Polishing is done to remove the damage due to the sectioning and the grinding. In this step, the surface of the sample is made mirror like, free from all surface defects. In polishing step, it is divided in two steps, which are:

Rough Polishing

The purpose of rough polishing step is to remove the damage produced during cutting and planar grinding. Specimen flatness and secondary phases maintain through rough polishing. In this step the paper named as palano, and s-palano is used along with the alumina suspension. The particle size in the suspension is 1 μm and 5 μm.

Fine polishing

The purpose of fine polishing is to remove only surface damage. It should not be used to remove any damage remaining from cutting and planar grinding. α-gram paper with 0.5 μm alumina suspension (in water) is used. For very hard materials diamond paste is used as suspension.


The purpose of etching is to optically enhance microstructural features such as grain size and phase features. Etching selectively alters these microstructural features based on composition, stress, or crystal structure. The most common technique for etching is selective chemical etching and numerous formulations have been used in Table 1.

Table 1: Etchants of Samples.

Sample Etchant Chemical Composition Volume Conditions
Chassis Sprocket Nital Ethanol+Nitric Acid 98 ml+2 ml Immersion up to a few minutes
Gas Valve Cu+Brass FeCl2+HCl+Ethanol 2.5 ml+1 ml+48 ml Immersion up to a few minutes

Metallurgical Microscopy

Metallurgical microscope generally uses to view opaque objects at higher magnification, usually these microscopes have higher magnification compared to others [4]. To view objects like electroplating coatings, thin films, grain size, surface inclusions and defects.

Using bright field metallurgical microscope, following structures are obtained in Figures 3 and 4.

Microstructure of sample as received:


Figure 3: Microstructure of Chassis Sprocket.


Figure 4: Microstructure of Gas Valve.

X-Ray Floresecene Spectroscopy

Generally, this spectroscopy is used for non-destructive chemical analysis. This phenomenon is used for elemental and chemical analysis, particularly in the investigation of ceramics, glass, metals and building materials. This technique gives accurate results of what is present. The excited sample in turn emits X-rays along a spectrum of wavelengths characteristic of the types of atoms present in the sample. The atoms in the sample absorb X-ray energy by ionizing, ejecting electrons from the lower (usually K and L) energy levels [5]. The ejected electrons are replaced by electrons from an outer, higher energy orbital. When this happens, energy is released due to the decreased binding energy of the inner electron orbital compared with an outer one. This energy release is in the form of emission of characteristic X-rays indicating the type of atom present. Following is the mechanism:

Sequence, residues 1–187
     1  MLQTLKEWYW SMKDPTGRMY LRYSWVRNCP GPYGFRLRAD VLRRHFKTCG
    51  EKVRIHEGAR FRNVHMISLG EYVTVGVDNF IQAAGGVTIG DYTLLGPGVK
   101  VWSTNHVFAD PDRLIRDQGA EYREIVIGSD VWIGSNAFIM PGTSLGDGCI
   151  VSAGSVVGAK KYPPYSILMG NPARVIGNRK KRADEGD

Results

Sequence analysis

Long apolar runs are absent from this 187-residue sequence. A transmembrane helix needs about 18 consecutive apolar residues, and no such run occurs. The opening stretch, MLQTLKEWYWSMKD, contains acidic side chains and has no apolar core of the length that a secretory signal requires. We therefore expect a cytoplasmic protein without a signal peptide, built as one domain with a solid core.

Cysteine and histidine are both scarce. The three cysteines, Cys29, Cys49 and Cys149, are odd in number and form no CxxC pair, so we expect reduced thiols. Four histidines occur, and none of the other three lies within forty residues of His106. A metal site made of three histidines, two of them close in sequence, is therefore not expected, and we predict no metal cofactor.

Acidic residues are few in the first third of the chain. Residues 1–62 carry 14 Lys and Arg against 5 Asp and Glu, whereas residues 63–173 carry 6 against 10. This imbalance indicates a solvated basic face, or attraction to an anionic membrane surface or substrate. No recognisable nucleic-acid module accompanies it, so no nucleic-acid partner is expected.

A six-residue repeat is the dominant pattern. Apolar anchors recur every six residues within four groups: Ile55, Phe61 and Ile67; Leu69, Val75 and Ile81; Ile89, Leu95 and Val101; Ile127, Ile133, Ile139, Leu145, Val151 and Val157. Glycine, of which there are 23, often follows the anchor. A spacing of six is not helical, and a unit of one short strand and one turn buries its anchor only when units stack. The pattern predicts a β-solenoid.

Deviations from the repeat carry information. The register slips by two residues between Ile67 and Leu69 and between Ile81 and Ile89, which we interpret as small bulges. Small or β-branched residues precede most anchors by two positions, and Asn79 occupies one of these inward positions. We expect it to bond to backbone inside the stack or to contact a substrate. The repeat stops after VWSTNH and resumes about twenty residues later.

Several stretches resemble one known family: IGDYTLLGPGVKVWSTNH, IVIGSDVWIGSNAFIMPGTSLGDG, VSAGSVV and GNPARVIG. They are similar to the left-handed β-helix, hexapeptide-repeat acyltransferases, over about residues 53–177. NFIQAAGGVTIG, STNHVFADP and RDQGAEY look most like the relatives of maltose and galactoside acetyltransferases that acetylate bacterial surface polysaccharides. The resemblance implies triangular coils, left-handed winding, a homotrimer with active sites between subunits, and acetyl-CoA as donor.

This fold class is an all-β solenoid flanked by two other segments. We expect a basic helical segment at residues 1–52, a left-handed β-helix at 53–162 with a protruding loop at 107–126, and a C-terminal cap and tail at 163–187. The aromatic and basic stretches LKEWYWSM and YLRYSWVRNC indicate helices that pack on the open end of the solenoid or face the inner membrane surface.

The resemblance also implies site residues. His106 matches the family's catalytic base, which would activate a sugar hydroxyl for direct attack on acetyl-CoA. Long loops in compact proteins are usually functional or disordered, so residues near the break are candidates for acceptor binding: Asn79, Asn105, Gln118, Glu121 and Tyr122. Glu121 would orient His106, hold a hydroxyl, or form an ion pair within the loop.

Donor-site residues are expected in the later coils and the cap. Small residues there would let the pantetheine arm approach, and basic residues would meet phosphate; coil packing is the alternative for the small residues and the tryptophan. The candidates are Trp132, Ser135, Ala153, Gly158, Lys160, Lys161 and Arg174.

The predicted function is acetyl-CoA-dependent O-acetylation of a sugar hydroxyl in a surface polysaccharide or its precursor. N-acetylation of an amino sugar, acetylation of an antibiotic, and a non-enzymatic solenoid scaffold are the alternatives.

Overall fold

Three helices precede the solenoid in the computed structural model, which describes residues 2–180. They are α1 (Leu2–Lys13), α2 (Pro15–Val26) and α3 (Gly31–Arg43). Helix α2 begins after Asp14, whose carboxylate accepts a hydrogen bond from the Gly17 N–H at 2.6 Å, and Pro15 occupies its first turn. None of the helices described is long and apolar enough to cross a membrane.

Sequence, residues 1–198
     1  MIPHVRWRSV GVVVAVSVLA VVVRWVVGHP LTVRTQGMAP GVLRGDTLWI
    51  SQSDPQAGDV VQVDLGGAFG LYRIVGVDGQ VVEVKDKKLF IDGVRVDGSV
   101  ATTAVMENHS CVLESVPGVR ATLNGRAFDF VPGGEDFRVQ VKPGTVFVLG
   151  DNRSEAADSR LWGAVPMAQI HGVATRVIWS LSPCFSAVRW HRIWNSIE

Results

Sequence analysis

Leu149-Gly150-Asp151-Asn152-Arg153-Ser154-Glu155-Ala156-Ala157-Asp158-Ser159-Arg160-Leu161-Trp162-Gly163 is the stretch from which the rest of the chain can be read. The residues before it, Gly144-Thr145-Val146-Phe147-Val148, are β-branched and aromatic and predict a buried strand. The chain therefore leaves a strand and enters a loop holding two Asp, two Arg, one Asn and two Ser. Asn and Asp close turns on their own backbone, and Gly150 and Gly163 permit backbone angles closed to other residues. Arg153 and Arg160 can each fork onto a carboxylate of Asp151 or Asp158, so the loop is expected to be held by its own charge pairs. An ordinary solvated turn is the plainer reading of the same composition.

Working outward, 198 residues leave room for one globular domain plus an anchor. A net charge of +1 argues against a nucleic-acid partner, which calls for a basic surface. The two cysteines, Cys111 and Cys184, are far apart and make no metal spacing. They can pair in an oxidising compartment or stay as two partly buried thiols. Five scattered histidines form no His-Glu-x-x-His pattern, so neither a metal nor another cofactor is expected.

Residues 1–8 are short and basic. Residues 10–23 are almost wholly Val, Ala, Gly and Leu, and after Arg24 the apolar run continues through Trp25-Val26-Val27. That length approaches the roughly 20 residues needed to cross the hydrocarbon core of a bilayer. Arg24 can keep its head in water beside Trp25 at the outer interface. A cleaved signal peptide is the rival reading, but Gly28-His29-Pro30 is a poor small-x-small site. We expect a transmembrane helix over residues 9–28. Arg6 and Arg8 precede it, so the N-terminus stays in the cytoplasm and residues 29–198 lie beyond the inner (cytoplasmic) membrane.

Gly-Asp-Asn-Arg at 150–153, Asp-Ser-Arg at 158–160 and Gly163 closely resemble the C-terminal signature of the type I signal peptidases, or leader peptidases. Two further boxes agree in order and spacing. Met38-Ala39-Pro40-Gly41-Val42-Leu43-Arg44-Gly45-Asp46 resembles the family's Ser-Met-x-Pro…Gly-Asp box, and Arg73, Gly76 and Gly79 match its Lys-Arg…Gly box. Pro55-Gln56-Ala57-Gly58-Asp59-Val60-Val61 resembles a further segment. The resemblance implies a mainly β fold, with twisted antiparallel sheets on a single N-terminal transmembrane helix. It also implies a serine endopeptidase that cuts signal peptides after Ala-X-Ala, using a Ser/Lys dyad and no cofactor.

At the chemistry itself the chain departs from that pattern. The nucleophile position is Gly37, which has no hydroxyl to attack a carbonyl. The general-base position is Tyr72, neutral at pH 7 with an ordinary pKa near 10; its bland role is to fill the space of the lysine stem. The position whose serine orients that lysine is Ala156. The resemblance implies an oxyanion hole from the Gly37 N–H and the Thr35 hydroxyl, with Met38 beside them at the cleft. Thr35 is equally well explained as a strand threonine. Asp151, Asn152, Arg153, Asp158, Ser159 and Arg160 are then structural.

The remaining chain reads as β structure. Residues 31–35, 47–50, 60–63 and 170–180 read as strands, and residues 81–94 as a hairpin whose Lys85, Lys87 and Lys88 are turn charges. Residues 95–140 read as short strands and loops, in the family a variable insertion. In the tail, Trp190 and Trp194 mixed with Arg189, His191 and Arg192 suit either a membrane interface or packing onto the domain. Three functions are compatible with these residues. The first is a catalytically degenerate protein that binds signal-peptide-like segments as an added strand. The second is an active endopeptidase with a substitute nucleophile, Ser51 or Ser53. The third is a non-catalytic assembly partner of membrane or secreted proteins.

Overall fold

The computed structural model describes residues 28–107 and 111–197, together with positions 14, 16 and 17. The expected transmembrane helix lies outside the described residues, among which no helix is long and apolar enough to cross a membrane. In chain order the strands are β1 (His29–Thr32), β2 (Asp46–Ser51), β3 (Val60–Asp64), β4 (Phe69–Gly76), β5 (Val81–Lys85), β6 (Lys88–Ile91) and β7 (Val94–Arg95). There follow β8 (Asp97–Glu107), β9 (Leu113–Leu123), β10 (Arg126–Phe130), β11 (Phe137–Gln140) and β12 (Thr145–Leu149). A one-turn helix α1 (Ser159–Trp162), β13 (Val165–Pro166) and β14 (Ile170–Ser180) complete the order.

Mechanism of XRF can be understand through this picture (Figure 5).


Figure 5: Mechanism of XRF.

XRF results of both samples is as follows (Tables 2 and 3).

Table 2: XRF Result of Gas Valve.

Gas Valve
Element Percentage
 Cu 55.45%
Zn 29.93%
Pb 11.43%
Sn 1.28%
Fe 0.93%
Ni 0.63%
Sb 0.35%

Table 3: XRF Result of Chassis Sprocket.

Chassis Sprocket
Element Percentage
Mn 0.38%

Determination of Grades of the sample:

By above elemental analysis through XRF, grades of steel are also important to be known.

Using Atlas of Metal handbook, it is concluded in Table 4.

Table 4: Grades of the samples.

Sample Structure Chemical Composition Grade
Chassis Sprocket 92.27% Fe 10B35 (Steel)
0.38% Mn
Gas Value 60%Cu (Brass-Muntz Metal)

Heat Treatment

Heat treatment is a group of processes which is used to alter microstructure of metals and alloys such as steel and aluminum [6]. To alter steel microstructure, we have employed different processes and check the effect of each.

Steel samples were quenched, tempered, normalized, and annealed. The heating temperature was about 850˚C. As the maximum thickness of the sample is about 1.4˝ so, the soaking time was chosen as 45 minutes. Brass samples were quenched, normalized, annealed according to proper thickness, and annealed with long soaking time. Temperature was about 700˚C and the soaking time was 10 minutes, and was 45 minutes only for long annealed sample.


Quenching is a process generally used to obtain high strength and toughness. In this process sample cooled rapidly from austenitizing temperature. Generally, in ferrous alloys (such as carbon steel, alloy steel and stainless steel), it transforms microstructure from austenite to martensite (harder metal), while non-ferrous alloys (brass, aluminum, and super alloys) will usually become softer than normal.

The quenching media was water for both samples. Heating and cooling curves for both samples are shown below (Figures 6 and 7).


Figure 6: Heat Treatment Cycle of Quenching of Steel (10B35).


Figure 7: Heat Treatment Cycle of Quenching of Steel (C37000).


Normalizing is a heat treatment process in which sample is heated to obtain uniformity in grains and in microstructure. In this process, a sample is heated above it’s critical limit and then cooling in open air. Normalizing can also be used for cast irons to produce more uniformity, improved wear resistance, and increased hardness values [7]. Below is the normalizing cycle of both the samples (Figures 8-11).


Figure 8: Heat Treatment Cycle of Normalizing of Steel (10B35).


Figure 9: Heat Treatment Cycle of Normalizing of Brass (C37000).


Figure 10: Heat Treatment Cycle of Annealing of Steel (10B35).


Figure 11: Heat Treatment Cycle of Annealing of Brass (C37000).


Annealing process involves heating steel to a specified temperature and then cooling at a very slow and controlled rate. Annealing commonly used to improve machinability, shown in Figures 12-17.

Microstructure of Heat Treated Samples


Figure 12: Microstructure of Quenched Steel (10B35)


Figure 13: Microstructure of Quenched Brass (C37000).

Microstructure of Normalized Samples